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Tuesday, July 13, 2010 / Currencies - Swiss central bank faces €7.5bn loss

Defending the franc doesn't come cheap...

Swiss central bank faces €7.5bn loss
By Haig Simonian in Zurich

Published: July 8 2010 21:11 | Last updated: July 8 2010 21:11

The Swiss National Bank may have suffered paper losses of up to SFr10bn (€7.5bn) from huge interventions in the currency markets to restrain the value of the franc.

The central bank is expected by market observers to report a big loss when it publishes second-quarter accounts in mid-August. Economists cannot make a precise forecast, as the SNB does not reveal when, or at what rates, it has sold francs and bought other currencies – mainly euros – in recent months. However, Martin Neff, chief economist of Credit Suisse, said: “It’s certain there will be a big loss.”

Felix Brill at Wellershoff & Partners, an economics consultancy, said: “There must be very substantial losses.”

An indirect acknowledgement of the potential pain came last month, when the SNB did a U-turn and said it was suspending interventions.

The bank attributed the move to declining concerns about the deflationary risks of a rising franc to the domestic economy. However, outsiders saw the step as an acknowledgement that intervention had failed.

The SNB’s foreign exchange reserves have more than quadrupled to SFr230bn since the financial crisis, with the total increasing by SFr135bn since December 2009. During that period, the franc climbed from SFr1.50 against the euro to about SFr1.33, and, recently, has briefly surged higher.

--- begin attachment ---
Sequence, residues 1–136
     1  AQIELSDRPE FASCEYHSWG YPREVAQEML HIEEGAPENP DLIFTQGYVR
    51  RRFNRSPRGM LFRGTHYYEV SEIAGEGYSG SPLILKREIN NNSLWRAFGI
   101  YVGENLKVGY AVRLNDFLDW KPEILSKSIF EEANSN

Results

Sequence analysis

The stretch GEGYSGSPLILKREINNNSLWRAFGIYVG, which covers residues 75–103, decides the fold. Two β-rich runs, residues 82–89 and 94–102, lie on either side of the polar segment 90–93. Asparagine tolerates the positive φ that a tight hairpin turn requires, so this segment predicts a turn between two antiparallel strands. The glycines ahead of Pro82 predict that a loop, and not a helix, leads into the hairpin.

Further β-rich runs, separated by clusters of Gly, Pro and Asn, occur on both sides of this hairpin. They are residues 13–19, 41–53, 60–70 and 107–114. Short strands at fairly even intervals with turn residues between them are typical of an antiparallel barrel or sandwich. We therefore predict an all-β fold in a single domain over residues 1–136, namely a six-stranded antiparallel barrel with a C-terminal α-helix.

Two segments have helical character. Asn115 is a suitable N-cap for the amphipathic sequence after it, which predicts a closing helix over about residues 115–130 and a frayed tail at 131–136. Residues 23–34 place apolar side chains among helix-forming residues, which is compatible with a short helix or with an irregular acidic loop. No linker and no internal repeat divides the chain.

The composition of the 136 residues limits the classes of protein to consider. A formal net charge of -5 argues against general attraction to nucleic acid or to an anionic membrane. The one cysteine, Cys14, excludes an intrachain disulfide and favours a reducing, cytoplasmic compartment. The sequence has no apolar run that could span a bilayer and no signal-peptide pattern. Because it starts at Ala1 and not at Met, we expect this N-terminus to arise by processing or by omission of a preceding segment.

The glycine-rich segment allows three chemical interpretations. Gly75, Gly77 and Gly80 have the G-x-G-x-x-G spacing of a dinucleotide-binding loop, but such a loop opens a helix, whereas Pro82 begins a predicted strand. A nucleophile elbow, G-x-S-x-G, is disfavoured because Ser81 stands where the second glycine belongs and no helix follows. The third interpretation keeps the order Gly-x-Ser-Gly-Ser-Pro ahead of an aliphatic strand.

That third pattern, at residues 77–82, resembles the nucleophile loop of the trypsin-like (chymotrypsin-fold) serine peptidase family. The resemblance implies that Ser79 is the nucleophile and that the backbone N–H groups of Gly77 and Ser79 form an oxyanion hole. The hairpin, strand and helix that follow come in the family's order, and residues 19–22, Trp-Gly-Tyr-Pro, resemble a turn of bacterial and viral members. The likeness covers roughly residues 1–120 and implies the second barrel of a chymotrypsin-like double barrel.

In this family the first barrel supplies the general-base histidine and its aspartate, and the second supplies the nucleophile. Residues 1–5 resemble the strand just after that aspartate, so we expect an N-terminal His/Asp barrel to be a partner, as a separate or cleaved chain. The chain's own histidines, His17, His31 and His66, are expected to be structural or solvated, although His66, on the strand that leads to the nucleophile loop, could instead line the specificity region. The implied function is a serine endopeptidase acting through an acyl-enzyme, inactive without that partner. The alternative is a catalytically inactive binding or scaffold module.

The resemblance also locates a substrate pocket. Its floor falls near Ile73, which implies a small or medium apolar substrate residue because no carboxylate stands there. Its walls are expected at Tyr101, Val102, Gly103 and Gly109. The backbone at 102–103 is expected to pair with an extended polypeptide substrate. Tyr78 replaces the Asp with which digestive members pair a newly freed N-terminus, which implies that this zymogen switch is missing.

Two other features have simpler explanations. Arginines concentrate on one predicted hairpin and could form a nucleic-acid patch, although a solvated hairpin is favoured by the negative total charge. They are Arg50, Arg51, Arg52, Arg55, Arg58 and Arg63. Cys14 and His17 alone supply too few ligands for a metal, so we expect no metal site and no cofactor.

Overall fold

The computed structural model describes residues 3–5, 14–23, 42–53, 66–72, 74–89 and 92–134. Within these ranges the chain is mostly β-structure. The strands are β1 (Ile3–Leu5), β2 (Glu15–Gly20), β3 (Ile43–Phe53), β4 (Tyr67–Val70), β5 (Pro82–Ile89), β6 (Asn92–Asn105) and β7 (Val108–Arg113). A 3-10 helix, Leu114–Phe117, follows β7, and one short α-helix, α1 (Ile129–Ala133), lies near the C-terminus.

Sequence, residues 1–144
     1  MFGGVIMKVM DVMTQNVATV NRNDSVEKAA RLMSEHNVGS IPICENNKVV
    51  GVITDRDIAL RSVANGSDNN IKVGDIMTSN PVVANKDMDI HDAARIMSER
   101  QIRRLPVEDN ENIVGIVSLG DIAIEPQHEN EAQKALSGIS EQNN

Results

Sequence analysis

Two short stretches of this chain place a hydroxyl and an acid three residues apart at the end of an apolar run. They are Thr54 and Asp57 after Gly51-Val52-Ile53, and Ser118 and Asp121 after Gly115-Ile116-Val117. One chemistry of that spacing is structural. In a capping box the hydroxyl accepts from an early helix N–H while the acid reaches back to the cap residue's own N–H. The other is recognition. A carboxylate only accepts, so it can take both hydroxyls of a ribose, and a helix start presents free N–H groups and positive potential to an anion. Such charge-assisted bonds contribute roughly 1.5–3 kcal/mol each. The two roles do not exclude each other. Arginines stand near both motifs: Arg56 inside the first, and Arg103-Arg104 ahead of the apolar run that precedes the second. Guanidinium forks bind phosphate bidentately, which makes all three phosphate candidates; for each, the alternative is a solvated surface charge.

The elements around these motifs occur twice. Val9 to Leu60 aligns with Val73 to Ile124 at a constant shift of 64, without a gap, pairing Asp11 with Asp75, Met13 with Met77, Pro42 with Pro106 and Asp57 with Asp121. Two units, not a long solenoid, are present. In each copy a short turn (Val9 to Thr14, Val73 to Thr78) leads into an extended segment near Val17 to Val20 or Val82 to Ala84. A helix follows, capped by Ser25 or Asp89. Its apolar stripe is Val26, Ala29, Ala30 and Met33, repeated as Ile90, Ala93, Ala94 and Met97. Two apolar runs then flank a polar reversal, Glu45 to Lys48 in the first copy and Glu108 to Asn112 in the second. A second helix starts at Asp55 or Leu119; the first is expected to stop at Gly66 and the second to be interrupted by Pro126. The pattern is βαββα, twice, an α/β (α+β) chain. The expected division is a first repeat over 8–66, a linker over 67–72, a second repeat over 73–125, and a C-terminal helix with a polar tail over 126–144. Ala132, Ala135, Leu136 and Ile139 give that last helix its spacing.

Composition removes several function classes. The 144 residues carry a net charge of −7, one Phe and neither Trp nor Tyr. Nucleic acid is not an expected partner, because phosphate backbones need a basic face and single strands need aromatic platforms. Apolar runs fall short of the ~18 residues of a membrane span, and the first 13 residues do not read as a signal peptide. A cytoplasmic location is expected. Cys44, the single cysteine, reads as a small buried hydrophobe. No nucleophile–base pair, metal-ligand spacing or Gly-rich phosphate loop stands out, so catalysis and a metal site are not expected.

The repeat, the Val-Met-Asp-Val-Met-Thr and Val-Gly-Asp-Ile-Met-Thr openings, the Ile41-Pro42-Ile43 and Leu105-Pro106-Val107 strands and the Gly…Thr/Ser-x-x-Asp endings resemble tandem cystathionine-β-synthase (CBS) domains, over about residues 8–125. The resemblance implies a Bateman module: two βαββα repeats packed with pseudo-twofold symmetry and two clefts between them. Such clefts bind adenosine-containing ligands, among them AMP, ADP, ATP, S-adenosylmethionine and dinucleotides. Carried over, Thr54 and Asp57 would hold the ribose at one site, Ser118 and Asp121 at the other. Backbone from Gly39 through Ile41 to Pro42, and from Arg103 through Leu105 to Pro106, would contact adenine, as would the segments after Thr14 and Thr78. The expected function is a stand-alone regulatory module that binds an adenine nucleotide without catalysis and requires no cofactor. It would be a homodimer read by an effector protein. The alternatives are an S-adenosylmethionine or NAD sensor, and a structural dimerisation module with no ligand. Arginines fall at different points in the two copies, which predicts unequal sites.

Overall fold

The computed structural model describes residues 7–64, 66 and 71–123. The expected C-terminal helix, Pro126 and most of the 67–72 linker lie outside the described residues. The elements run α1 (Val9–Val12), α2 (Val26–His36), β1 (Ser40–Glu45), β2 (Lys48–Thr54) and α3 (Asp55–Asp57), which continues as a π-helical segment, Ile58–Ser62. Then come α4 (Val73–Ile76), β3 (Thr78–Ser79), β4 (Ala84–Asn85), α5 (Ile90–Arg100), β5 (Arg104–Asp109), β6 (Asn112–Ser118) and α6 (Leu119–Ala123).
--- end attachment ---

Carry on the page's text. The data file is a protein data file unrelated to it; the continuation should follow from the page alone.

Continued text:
The appreciation has stemmed from fears about eurozone recovery prospects and the risk of a sovereign debt default, compared with Switzerland’s traditional haven status.

The franc has also gained from the relative strength of the Swiss economy. Growth is rising, while domestic consumption has remained robust. Last month, the SNB raised its 2010 growth forecast from 1.5 per cent to 2 per cent.

The prospect of a big loss has caused little concern in Switzerland, a situation all the more striking given the SNB’s unusual status among central banks of being a quoted company.

While 61 per cent of its shares are owned by Switzerland’s cantonal banks, the remainder are in private hands and the SNB has no explicit guarantee from the Swiss Confederation.

Economists attribute the relative calm to shareholders’ understanding for the SNB’s long-term thinking: a rising euro could even lead to profits on the reserves one day.

“A central bank doesn’t have to worry about showing nice profits every quarter or about a downgrade from a rating agency. So there’s no drama,” said Mr Neff.

Other economists added that past losses on currency intervention had sometimes been compensated by windfalls on gold, given that the price of gold has tended to rise during crises.

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